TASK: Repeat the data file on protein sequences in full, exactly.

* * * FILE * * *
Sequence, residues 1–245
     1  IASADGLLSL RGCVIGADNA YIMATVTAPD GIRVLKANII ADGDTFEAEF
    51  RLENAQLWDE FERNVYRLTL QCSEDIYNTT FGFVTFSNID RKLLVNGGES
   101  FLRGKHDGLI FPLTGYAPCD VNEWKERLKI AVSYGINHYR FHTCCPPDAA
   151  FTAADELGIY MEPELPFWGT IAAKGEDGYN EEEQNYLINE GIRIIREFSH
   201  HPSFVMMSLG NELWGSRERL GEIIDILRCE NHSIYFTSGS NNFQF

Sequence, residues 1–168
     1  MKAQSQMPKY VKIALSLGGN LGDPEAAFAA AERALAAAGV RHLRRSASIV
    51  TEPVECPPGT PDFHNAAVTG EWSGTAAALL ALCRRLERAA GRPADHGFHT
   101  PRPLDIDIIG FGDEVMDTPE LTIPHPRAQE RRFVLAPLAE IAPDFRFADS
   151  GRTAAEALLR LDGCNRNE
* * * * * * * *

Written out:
Sequence, residues 1–245
     1  IASADGLLSL RGCVIGADNA YIMATVTAPD GIRVLKANII ADGDTFEAEF
    51  RLENAQLWDE FERNVYRLTL QCSEDIYNTT FGFVTFSNID RKLLVNGGES
   101  FLRGKHDGLI FPLTGYAPCD VNEWKERLKI AVSYGINHYR FHTCCPPDAA
   151  FTAADELGIY MEPELPFWGT IAAKGEDGYN EEEQNYLINE GIRIIREFSH
   201  HPSFVMMSLG NELWGSRERL GEIIDILRCE NHSIYFTSGS NNFQF

Sequence, residues 1–168
     1  MKAQSQMPKY VKIALSLGGN LGDPEAAFAA AERALAAAGV RHLRRSASIV
    51  TEPVECPPGT PDFHNAAVTG EWSGTAAALL ALCRRLERAA GRPADHGFHT
   101  PRPLDIDIIG FGDEVMDTPE LTIPHPRAQE RRFVLAPLAE IAPDFRFADS
   151  GRTAAEALLR LDGCNRNE